If you are on the look out for a new platform to develop software for then the latest, and perhaps strangest new possibility, is the Sifteo Cube - it promises to change the way we play computer games.
Each cube is a motion aware block with a full color screen and a wireless connection to a PC. Each block is about 1.5 inches and has sensors that let it detect its orientation and position relative to other blocks. The user can interact with a block by shaking it, rotating it or moving it and the top screen can be clicked.
Their ability to detect when they are alongside another block, they don't have to be touching, makes it possible to build "pathway" style games where routes - road, pipes, wiring etc. - move from one block to another. Sprites can be guided from one cube to another to follow the routes. They can also be used as tokens in other games and if you like "tile" based games such as dominoes and mahjong you will see that there are even more possibilities.
To get an idea of what the cubes can be used for take a look at the video:
The claim is that playing with cubes improves spatial reasoning, strategy and planning, patterns and perception and cooperation.
The cubes don't have much computational power and the logic is controlled by a PC (only Windows or Mac at the moment) via a USB wireless dongle. The PC has to be on and in communication while the blocks are being played with. Each cube as a 32-bit ARM processor, 8Mbytes of flash memory, a 128x128 LCD display, a 3 axis accelerometer and a custom near field sensor.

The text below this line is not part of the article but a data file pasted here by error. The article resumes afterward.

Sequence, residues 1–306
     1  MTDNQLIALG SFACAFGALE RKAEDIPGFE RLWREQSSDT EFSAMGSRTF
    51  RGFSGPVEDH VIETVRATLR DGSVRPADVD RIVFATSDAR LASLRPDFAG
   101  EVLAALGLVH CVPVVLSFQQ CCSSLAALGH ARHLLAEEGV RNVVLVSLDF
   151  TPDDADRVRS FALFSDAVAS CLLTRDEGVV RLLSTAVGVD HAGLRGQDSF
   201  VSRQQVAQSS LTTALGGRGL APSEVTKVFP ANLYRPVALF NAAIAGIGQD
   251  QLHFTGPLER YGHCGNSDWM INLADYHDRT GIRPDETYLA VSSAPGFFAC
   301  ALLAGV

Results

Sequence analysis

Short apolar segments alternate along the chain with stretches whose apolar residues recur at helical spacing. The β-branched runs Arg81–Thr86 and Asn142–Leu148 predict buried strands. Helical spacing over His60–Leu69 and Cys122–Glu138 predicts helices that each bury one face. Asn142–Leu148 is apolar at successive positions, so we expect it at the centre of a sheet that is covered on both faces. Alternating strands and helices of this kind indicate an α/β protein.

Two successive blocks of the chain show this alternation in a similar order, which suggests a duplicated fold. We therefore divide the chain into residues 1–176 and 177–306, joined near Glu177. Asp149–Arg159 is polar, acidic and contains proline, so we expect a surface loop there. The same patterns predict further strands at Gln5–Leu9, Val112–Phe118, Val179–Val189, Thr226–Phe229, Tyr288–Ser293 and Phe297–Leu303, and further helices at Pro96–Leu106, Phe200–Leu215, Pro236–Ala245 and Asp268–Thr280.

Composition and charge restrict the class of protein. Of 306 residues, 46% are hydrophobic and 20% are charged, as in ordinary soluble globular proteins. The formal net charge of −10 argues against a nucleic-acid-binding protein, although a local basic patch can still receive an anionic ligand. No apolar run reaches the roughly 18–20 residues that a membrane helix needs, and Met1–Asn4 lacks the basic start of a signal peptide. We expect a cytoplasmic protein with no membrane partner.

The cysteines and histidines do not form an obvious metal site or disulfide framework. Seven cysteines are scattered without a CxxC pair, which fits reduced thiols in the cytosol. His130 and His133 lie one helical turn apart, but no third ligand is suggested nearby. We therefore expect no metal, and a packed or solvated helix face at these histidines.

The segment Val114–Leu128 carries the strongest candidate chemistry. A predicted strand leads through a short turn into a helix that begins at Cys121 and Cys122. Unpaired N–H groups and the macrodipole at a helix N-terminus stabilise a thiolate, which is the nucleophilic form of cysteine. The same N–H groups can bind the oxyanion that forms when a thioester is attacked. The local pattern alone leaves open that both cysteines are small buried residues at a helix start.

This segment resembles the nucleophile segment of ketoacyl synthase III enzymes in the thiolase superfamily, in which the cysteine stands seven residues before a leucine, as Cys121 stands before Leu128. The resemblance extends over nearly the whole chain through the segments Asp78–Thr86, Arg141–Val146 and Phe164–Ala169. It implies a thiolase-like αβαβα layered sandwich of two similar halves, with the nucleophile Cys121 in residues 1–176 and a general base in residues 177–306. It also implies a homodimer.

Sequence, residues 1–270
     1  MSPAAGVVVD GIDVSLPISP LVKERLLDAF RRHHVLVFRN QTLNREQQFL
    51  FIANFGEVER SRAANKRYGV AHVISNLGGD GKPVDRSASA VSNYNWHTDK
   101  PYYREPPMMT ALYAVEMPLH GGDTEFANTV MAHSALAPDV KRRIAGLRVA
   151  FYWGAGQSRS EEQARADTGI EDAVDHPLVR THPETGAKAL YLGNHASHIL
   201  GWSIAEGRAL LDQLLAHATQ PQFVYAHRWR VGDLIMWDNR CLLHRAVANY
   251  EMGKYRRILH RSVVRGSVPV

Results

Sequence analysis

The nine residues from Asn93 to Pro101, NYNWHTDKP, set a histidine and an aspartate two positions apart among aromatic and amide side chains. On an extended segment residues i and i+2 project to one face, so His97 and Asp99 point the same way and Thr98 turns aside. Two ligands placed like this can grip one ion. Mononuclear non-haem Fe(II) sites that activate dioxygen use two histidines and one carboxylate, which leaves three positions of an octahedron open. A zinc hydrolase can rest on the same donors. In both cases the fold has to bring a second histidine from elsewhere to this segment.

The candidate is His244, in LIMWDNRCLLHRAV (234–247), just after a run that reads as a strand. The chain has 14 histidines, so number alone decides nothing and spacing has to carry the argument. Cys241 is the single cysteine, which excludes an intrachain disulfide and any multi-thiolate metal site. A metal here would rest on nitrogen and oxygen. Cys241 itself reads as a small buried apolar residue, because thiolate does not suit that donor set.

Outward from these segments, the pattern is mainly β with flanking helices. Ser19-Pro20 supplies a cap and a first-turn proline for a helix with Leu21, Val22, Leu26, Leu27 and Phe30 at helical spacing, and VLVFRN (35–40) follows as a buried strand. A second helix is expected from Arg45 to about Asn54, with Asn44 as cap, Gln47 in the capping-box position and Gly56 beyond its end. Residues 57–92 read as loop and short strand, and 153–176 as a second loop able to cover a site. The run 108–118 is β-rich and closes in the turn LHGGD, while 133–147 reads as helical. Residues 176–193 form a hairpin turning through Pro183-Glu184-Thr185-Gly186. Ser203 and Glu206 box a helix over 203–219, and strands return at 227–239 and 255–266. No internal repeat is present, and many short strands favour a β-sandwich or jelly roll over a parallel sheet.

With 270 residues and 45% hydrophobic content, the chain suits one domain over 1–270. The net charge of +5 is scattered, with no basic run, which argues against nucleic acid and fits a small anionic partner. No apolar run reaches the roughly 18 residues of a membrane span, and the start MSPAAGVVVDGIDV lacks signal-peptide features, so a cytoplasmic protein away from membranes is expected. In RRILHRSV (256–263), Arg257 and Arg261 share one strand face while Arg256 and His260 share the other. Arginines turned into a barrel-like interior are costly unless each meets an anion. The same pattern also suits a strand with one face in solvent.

An SDK will be available in September and you can code in C# using Mono. The SDK will allow programs access to the sensors in each cube including the neighbour sensors and the accelerometer. You can sign up for more information on the site. There is also a Creativity Kit that allows end users to customize games.
To play with the cubes you need to by a starter kit which has three cubes, the PC interface and software for $149. Additional cubes (up to a total of six) are $45 each and the hardware should be ready to ship in September.
Stack Overflow has produced an interesting analysis of developers working habits that reveals differences that depend on your choice of language. It turns out that C# programmers tend to be early bird [ ... ]